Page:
A timely reminder of how valuable an outsider’s perspective can be

Community Energy Scotland’s annual conference offered a timely reminder of how valuable an outsider’s perspective can be.  It was reported on some research into how different countries are taking forward the development of renewable energy. The study looks at several European countries including Scotland, as well as five states in America. The most striking feature... Read more ›

First there was an island – then there was a boat

Shiants 2
“First there was an island – then there was a boat”, so begins a poem by Shetland writer Laureen Johnston.  Since owning my first boat at the age of eleven, I have been an obsessive explorer of islands, the smaller and more remote the better.  Once, in the grip of a sudden attack of aquatic... Read more ›

‘On these isles’

Lawrence has a 7am coffee break after feeding cattle.
‘On these isles’ is a project by photographer Ed Smith, whom we had the great pleasure of meeting when visiting the Island of Eigg. Ed has spent large periods of time on Eigg and other Inner Hebridean isles capturing life there in pictures. Have a look at more of his images and this project at... Read more ›

A gaelic song

Mary Jane Lamond, Jo Royle and Julie Fowlis Video by Ruth Little

Cape Farewell – we know what to do, can art help us get on and do it?

The following is an excerpt from Sara Parkin’s article found on the Forum for the Future website. …I was fortunate enough to join the crew for one week of a four week tour of Scottish Islands, starting with Skye and Canna before crossing the Minch to Mingulay, Barra and South Uist. The weather was kind,... Read more ›

Islands and Visions

Eigg Barbecue on Song of the Whale
There is a sea view when travelling from Eigg to Mallaig where you have a 360° vision of the Small Isles, Skye, the mountains of Scotland, Mull and, far into the distance, the Outer Hebrides. At 6 am yesterday the grey of the sea bled into the numerous blues of the mountains all dramatised by... Read more ›

Annie Cattrell and Jo Shapcott in conversation about week 4 of the expedition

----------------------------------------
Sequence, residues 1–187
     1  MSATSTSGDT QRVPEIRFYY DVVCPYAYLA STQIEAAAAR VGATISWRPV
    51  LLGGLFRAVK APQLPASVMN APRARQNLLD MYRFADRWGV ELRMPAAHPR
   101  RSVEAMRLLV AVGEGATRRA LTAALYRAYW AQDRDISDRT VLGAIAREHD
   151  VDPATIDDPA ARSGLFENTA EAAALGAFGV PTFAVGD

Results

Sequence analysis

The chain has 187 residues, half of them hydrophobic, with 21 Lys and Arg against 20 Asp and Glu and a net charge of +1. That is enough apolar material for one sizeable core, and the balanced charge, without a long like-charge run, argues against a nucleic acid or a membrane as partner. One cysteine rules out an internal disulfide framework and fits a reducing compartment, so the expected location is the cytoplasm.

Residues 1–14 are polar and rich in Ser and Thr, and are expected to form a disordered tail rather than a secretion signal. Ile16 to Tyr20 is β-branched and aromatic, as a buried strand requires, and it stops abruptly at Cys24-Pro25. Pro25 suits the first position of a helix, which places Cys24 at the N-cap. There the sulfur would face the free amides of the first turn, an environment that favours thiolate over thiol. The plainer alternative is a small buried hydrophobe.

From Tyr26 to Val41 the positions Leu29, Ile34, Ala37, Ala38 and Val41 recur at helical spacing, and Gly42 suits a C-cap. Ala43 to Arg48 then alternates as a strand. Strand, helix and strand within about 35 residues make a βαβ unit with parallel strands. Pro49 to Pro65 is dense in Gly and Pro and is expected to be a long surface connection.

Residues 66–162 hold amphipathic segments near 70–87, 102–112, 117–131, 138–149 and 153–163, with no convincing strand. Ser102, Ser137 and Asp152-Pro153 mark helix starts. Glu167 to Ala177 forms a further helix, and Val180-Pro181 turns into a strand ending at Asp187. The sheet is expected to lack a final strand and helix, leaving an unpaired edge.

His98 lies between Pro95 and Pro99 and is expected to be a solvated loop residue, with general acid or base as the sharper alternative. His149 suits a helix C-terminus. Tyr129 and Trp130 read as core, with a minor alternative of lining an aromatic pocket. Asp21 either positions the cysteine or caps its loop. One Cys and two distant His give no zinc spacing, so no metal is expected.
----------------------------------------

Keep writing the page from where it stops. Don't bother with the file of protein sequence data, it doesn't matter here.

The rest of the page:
Annie 1
JS Annie, what is it about islands? AC I like the fact that there’s a larger proportion of sea than land mass visible. There appears to be a completeness and self-sufficiency about the individual islands even though they are all distinctly different. There seems to be a big distinction between uninhabited and inhabited islands –... Read more ›


Photo by Sion Parkinson
(1) On the crossing from Ullapool to Stornaway on the Calmac, I wrote myself a list of rules, a set of behaviours that would concentrate my efforts, or assuage any guilt from any feelings of impotence, in my seven days aboard the ship. (1.1) Rules: (1.1.1) Take photographs, more than you need to, get in... Read more ›


Cotton Grass marking  Dwelling Rona
It was my birthday when I went to Rònaidh first. A place I wanted to see since I was little but I had always missed the boat. It is about forty miles north of my house near the Butt of Lewis. I went on the sixth of August aged thirty eight on the yacht ‘Song... Read more ›

Mary Arnold-Forster

Skye architect Mary shows the house of Fred Taylor she designed and reflects on the progress on Eigg and other green based aspirations for the islands architecture and energy supply.   Video shot by David Buckland     Sketches by Mary Arnold-Forster

Farewell and Ahoy: Log of a Voyage

Photo by Mary Smith
“Back in the kitchen.  A new group has joined Song of the Whale. There is an overlap of crew, Cape Farewell folk, and the artists and scientists who will sail together this coming week. They are planning to sail to North Rona, the Shiants and the coasts of Skye. But I’ve left the ship though... Read more ›